Thursday, November 05, 2009
Bad Day At Blue Rock
Annie with Llamas
A monk traveled a long way to visit the master, Nansen. The monk found him by the side of the road, cutting grass.
"What is the way to Nansen?" asked the monk.
Nansen answered: "I bought this sickle for thirty cents."
The monk said: "I did not ask about the sickle. I ask the way to Nansen."
Nansen answered: "I use it in full enjoyment."
I would like to beg you, dear sir, to have patience with everything unresolved in your heart and to try to love the questions themselves as if they were locked rooms or books written in a very foreign language. Don't search for the answers, which could not be given to you now, because you would not be able to live them. And the point is, to live everything. Live the questions now. Perhaps then, some day in the far future, you will gradually, without even noticing it, live your way into the answer.
---Rainer Maria Rilke
From the temple deep in a bamboo grove
comes the sound of the evening bell,
while the pilgrim's straw hat carries sunset
farther and farther down the green mountain.
I'm fascinated with friends. At some points in my life I have neglected family completely to be involved with friends. They don't need to be 2 separate groups I guess, but there seem to be significant differences. That would need to be a different essay.
I don't think I've had a lot of friends since junior high school, although I don't count or usually compare myself to other people in this regard. I'm not very good at making friends or keeping them...but the ones who have hung around I really treasure. I hope I tell them so enough...but I'm sure I should do more. And I should tell my family I treasure them too.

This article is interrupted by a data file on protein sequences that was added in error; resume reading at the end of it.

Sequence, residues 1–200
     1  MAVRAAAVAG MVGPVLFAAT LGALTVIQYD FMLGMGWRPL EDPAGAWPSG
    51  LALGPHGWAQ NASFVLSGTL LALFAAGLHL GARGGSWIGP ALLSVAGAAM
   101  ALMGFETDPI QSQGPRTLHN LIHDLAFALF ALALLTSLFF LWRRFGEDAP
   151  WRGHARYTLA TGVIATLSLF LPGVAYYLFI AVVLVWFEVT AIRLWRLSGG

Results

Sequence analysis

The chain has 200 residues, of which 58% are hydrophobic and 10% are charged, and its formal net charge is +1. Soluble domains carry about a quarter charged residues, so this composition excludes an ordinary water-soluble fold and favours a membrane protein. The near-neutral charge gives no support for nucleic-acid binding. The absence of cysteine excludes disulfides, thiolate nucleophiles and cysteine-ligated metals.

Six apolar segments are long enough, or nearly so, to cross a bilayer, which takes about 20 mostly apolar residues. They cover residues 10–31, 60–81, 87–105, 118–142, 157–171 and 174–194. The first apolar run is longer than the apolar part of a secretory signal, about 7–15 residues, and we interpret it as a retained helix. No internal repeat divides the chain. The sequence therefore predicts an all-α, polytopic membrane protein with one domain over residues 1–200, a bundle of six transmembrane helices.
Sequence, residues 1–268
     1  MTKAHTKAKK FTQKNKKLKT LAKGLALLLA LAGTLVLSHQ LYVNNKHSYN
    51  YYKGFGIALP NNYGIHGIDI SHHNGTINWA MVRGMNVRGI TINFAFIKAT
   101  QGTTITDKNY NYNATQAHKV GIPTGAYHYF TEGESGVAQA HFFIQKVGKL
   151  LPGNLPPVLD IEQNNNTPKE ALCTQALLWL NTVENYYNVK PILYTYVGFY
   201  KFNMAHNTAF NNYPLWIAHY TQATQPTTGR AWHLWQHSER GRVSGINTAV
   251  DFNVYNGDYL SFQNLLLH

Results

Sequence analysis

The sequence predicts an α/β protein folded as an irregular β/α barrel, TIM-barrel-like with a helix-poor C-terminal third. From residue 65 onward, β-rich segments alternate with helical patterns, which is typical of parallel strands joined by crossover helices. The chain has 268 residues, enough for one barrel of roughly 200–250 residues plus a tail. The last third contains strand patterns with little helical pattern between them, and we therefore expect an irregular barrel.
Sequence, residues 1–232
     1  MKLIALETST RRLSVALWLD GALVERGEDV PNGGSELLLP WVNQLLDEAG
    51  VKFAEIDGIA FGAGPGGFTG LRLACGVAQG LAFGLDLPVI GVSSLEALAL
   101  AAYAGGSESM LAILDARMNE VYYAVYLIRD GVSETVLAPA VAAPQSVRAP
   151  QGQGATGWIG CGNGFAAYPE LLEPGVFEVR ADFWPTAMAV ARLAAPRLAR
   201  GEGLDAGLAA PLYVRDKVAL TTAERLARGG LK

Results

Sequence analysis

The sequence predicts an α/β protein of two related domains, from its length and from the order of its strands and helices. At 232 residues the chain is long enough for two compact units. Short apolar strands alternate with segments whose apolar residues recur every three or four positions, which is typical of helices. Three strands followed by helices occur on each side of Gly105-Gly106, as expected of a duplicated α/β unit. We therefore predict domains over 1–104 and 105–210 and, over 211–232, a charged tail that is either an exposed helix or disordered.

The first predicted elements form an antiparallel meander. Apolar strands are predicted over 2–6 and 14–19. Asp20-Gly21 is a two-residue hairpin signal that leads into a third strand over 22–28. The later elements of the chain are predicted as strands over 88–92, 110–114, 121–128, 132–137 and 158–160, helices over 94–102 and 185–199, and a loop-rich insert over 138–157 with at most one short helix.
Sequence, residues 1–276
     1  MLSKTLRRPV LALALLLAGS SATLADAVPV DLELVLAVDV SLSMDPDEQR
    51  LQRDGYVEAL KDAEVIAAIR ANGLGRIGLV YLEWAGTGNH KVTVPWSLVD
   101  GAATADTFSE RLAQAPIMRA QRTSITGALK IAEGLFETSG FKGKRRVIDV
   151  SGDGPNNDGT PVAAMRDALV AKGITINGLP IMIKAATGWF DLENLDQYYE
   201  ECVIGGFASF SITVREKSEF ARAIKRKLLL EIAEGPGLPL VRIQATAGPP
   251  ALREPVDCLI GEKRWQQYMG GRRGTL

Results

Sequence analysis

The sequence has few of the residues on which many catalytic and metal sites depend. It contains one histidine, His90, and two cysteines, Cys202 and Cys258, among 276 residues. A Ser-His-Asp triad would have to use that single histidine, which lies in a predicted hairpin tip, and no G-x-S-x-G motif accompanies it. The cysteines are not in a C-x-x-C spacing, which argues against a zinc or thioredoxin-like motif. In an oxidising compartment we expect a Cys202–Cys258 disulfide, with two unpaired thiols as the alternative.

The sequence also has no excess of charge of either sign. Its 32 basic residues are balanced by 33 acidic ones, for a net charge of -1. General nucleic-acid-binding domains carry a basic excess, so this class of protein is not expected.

Sometimes people have shown up in my life who are so incredible, and even famous, that I can't believe we even know each other. I don't understand how that happens, and I don't want to tempt the fates by asking. I just tiptoe along in gratitude. I hope you know people like that too.
Such people are Annie and Jay Warmke, who live at Blue Rock Station up near Philo, Ohio, which is close to Zanesville. That's Annie in the picture...and I can just hear her saying, Oh that picture is a few years old! (I think 2005.) I could write for days about their amazing journey, about their achievements in sustainability long before most of us even heard the term, about their lovely grandchild Catlyn (soon to be sweet 16), and all their chickens and cats and dogs and goats...and llamas, all of whom have names and are talked to and treated almost the same as the rest of us people. You can know more about them by visiting here http://www.bluerockstation.com/ or just email to tell them you're coming and go see for yourself.
I don't know how we found out about each other. It may have been on the Internet some way, through common interests. But I remember the moment we all met in person as if it were this morning. It started with instant recognition and hugs. And we've just stayed that way. Two families traveling through life as friends. We're all different ages and have had extraordinarily different individual lives...but none of that matters. It only makes things more interesting. Both Ilona and Cat have lived in France...and share certain consternations about boys, so there's that. Otherwise, we're unique except that we laugh a lot when we're together. That's not often because we live about 2 hours apart, which is a bit far just to drop by after supper.